The subjects of the degree are intended to equip students with both an advanced knowledge of substantive intellectual property law and of the place and role of intellectual property within a domestic, regional and international context, laying a foundation for a specialised dissertation.
By the end of their studies for this degree, students will have acquired a high level of knowledge in the field of intellectual property law, a sophisticated awareness of the problems in the area and of the differing approaches to their solution.
Having studied the programme, students will emerge with an understanding of intellectual Property law not just in its legal but also social, ethical, cultural and commercial contexts.
During their study students will have access to the results of innovative cross-cutting research of the highest quality. The programme is suitable to prepare students for advanced research.
This programme provides excellent preparation for anyone seeking to work in intellectual property in a legal, business, industry or academic setting, or who wishes to advance their knowledge in the field. Recent graduates have entered legal practice as specialists in intellectual property law, and are also working as trademark attorneys and royalties administrators.
The LLM Intellectual Property and Data Protection Law will give you the knowledge and understanding you need to work in this area of the law. You will study two compulsory modules – Intellectual Property Law and Data Protection Law – along with two optional modules of your choice.
You will examine the development of both intellectual property law and data protection law as distinct areas of legal practice and consider their ongoing reform and development, particularly in light of continuing technological advancements.
The Intellectual Property Law module will also consider the current intellectual property framework from a national, European and international perspective, along with copyright, trademarks, patent law and design rights.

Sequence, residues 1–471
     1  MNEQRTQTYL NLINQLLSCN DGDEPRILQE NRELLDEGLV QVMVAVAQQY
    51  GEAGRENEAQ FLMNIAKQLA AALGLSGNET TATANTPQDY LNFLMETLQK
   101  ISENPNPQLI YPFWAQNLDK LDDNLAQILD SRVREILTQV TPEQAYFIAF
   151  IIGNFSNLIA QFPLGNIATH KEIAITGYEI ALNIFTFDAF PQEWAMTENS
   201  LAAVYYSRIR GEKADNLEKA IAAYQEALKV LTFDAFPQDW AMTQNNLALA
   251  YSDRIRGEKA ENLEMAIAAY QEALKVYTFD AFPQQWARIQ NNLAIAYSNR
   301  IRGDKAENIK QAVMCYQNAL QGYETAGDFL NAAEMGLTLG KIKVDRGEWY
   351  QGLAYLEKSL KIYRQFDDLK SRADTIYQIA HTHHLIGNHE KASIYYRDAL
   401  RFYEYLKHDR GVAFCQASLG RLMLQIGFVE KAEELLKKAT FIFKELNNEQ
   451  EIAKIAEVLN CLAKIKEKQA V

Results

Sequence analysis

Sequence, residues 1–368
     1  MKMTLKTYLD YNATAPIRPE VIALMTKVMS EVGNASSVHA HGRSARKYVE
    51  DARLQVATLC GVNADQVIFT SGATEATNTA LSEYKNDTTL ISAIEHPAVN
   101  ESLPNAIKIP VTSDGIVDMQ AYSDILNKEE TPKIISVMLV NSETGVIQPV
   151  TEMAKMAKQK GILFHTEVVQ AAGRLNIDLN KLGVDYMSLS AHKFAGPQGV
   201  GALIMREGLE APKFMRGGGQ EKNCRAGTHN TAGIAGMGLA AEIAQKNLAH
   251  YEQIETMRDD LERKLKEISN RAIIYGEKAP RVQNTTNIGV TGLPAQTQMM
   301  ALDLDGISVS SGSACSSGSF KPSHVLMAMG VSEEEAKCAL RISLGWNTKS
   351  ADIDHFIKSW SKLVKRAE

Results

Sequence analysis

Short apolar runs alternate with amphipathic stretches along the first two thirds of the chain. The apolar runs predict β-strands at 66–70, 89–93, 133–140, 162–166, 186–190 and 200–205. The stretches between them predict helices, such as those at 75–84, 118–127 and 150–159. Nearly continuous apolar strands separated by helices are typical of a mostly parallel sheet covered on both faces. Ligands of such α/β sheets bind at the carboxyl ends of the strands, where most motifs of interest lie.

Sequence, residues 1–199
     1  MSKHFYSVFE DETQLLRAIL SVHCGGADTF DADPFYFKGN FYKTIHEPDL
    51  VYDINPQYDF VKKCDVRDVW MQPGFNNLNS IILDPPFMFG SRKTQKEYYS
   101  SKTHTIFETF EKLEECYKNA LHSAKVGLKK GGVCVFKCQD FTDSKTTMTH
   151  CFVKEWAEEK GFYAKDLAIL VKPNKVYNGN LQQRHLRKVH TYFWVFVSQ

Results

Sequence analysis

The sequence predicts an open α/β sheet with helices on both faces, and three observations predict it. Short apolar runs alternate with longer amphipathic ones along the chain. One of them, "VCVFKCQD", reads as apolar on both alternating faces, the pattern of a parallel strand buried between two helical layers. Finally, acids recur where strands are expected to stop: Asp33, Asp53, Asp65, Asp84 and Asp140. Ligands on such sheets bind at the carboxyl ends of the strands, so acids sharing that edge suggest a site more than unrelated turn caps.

The Data Protection Law module will also include topics such as current data protection legislation, key concepts such as the notions of ‘informed consent’ and ‘personal data’, the obligations of data controllers, the rights of data subjects, and the emergence of Big Data and the Internet of Things.
Data protection and intellectual property are fast-moving sectors, particularly in view of the continual advancements in twenty-first-century technology. This course is constantly updated to reflect new developments and best practice, and is supported by the latest research and methods. The content is delivered by specialists in their field who are at the forefront of their discipline, and is designed to equip you with the vital skills you will need for a career in the area of intellectual property and data protection.
The wide range of optional modules available to you enable you to tailor your course according to the career path you plan to follow. You can also combine similar pathways, and graduate with a named joint pathway. In addition to your degree modules, you can choose from a range of extra-curricular programmes to develop your skills further.